Footy season & why it matters for the construction industry
The construction industry has been a big winner from the 20-year expansion of the two dominant football codes.
Australia’s sporting calendar now hosts events as diverse as the kick-off of Major League Baseball and fast growing A-League soccer, but it is the AFL and NRL that are most significant to the property industry.
This year the AFL and NRL will cater for a total of 10 million fans flocking to more than 400 games and that growth is leading to major construction projects.
Take the Adelaide Oval for example – a gentile 19th century cricket ground best known for its Edwardian-era stands and graceful parklands setting. But thanks to a half billion dollar transformation, it will now host 40,000 screaming fans each week from March to September.
That is typical of what two decades of football expansion has brought to Australian cities.
For the NRL, the prime mover has been the ticket-selling power of the State of Origin series. This underwrote the building of a new three-tiered Lang Park home for 53,000 Maroons fans and the 84,000 seat Stadium Australia in Sydney.
The AFL expansion plans are also supplying the revenue for new sports facilities across Australia.
The biggest of these is the $1 billion Perth Stadium, currently at tender and scheduled for completion in 2018. The new multi-purpose complex will host 60,000 AFL fans and new arenas for rugby, soccer, cricket and music events.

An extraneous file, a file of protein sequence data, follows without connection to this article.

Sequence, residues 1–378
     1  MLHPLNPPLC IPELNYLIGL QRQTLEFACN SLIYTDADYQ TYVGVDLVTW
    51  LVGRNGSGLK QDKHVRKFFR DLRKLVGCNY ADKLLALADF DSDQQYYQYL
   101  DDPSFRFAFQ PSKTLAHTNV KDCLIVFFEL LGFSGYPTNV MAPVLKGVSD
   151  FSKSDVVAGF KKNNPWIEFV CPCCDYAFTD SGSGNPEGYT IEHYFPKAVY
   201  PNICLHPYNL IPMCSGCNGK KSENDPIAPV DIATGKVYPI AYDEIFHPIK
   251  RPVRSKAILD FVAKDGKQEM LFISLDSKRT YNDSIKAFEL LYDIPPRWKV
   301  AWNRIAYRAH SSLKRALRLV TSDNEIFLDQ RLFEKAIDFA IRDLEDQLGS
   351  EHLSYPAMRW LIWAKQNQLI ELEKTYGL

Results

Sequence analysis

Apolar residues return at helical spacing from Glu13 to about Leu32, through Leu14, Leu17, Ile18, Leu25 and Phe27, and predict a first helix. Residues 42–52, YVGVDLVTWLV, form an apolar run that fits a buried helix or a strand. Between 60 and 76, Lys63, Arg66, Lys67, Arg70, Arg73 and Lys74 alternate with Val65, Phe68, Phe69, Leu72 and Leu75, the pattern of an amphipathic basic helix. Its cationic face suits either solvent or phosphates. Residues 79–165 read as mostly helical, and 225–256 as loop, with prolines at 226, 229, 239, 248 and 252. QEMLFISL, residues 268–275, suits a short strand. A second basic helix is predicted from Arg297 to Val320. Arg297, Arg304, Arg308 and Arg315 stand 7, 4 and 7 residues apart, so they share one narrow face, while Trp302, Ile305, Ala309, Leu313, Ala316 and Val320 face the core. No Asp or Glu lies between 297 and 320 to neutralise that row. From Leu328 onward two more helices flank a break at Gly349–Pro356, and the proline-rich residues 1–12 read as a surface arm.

The new venue is sited to take advantage of the nearby Belmont Park Racecourse and Burswood Casino, and the master plan calls for a pedestrian bridge across the Swan River and upgraded rail and bus stations. This underlines the importance of entertainment and transport to the success of stadiums and nearby businesses.
A great example of how this works can be found opposite the MCG. In 1999, AFL Club Collingwood moved their headquarters, training and entertainment facilities into a revamped venue built into the 1956 Olympic Swimming venue.
Collingwood’s co-location strategy is based on attracting a big portion of the average 50,000 fans at their home games to the club for meals, drinks and a flutter on the pokies before and after the match.
Interestingly the NRL clubs who pioneered gaming and hospitality at playing venues are the ones under the microscope. This week NRL legend and commentator Phil Gould pointedly asked how clubs attracting just 10,000 fans to small suburban grounds could compete with the Broncos, who regularly draw a crowd of 40,000 or more to their home games.
That question explains proposals for new 45,000-seat stadiums in Blacktown and Liverpool in western Sydney.
The AFL may find this problem reappearing on their horizons too, despite their dumping of poky grounds like Arden Street and Windy Hill a generation ago. Over the past decade, the AFL has teamed up with governments and local leagues for developments across many regional centres including at Geelong, the Gold Coast, Launceston and Hobart.
But can they really continue their expansion path through small venues as far apart as Canberra, Darwin and Wellington New Zealand?
Many in the sport and property industries aren’t convinced, betting that the place for the small suburban grounds in the big spending leagues is over.